With the first set of sounds, I felt I could live inside my body with so much space, every nerve and muscle vibrated with the sounds, so that my leg felt like a wooden bat and stretched as long as the ceiling is high. My mind, usually relegated to my head and stuffed into his tiny cubicle, opened the windows on all my body and became clearer and louder. I began to cry at fleeting feelings I had for people I no longer see and some who I still see. I was not confused by fantasies of sex or violence, which I attribute this time to the therapy working, that my body was releasing judgments on these somewhat uncomfortable matters. I had recurring feelings of pain as I thought of my father and of my little brother. I have the sentiment now of guilt about these two people: I have been unwilling to accept my part in our sometimes difficult relationship. I discovered that the pain can only mean one thing: When I am hurt in a relationship the other person is hurt also, which shows affection on their part and not indifference as I often assume. With the sound therapy I can isolate problems and look at them from an exterior point of view.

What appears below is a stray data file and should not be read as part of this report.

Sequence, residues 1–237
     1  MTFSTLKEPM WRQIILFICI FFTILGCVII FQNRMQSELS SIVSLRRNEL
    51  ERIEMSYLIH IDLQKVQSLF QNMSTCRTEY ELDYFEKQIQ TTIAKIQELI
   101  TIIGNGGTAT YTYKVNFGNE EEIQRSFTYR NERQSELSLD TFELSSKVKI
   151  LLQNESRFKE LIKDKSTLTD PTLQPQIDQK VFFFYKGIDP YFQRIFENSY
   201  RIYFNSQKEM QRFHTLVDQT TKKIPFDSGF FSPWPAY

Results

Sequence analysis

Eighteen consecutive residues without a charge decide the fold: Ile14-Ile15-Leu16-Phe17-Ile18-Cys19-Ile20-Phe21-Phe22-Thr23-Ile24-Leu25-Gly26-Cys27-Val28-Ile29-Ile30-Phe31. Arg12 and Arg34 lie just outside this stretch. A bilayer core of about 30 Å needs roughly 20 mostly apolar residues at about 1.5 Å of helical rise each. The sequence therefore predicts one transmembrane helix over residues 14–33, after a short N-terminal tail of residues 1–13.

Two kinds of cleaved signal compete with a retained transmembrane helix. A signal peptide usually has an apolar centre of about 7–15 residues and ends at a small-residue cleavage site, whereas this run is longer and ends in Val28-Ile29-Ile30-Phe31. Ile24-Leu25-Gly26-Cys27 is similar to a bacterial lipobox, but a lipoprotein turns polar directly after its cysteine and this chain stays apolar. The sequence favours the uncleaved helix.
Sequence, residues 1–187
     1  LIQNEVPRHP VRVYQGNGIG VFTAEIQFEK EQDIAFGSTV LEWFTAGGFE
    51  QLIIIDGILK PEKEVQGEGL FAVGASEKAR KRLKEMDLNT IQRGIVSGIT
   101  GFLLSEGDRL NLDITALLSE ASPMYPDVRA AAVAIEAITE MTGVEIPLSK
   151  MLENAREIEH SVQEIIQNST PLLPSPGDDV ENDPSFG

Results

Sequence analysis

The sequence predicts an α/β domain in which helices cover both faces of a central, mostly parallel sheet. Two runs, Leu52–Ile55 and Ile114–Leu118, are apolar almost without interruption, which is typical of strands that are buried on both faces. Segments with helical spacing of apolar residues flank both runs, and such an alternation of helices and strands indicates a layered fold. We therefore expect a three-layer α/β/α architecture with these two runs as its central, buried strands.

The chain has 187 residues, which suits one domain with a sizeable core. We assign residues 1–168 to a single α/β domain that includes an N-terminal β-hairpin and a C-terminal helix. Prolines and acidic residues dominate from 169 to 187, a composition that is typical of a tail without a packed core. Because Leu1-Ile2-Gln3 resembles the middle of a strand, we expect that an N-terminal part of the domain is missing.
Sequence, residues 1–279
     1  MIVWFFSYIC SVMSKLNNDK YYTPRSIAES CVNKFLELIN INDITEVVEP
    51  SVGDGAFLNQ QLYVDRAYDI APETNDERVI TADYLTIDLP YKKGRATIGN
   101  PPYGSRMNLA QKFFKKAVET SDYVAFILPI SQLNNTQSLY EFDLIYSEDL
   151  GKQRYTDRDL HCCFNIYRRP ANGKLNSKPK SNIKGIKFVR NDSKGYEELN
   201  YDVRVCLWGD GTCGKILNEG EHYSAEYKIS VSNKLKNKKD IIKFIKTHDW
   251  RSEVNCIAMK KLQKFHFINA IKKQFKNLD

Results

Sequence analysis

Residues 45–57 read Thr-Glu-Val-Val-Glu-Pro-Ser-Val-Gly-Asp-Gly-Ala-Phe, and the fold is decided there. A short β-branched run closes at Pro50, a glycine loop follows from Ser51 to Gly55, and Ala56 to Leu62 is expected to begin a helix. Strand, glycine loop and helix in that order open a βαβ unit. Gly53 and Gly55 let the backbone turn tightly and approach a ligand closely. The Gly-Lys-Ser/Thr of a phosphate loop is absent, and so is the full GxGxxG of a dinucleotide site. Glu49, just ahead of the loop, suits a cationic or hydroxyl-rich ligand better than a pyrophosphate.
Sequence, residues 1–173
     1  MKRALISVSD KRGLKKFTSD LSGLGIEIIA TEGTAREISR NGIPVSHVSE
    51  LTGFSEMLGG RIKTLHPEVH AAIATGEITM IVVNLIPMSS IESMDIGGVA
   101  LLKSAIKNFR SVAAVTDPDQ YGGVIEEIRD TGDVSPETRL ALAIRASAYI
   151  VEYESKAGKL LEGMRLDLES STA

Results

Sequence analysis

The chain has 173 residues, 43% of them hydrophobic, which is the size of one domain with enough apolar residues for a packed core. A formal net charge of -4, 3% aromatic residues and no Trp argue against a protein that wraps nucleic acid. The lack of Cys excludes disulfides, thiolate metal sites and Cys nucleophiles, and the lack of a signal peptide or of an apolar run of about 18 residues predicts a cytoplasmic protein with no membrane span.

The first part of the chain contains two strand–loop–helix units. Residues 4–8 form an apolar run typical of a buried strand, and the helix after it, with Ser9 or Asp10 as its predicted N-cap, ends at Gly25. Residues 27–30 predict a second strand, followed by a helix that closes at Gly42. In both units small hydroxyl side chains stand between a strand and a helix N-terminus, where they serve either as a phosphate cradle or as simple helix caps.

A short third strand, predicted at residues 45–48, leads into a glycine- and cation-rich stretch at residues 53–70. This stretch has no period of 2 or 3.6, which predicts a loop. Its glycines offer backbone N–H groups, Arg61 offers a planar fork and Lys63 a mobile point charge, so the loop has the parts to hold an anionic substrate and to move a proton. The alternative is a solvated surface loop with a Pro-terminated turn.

Concerning how the therapy “works,” I think the success or failure of the therapy is dependent on my state of mind, and just because I wasn't getting images of sex and violence does not mean that I am somehow “cured” or need to be “cured” of thinking of these things. I am humbled to say I feel as I have no control whatsoever of the images and thoughts that come to me as I lie down at the therapy. If there is any improvement in my well-being as a result of the therapy, well it is hard to say what part I had played in it, only that I can be more or less open in mind towards the work.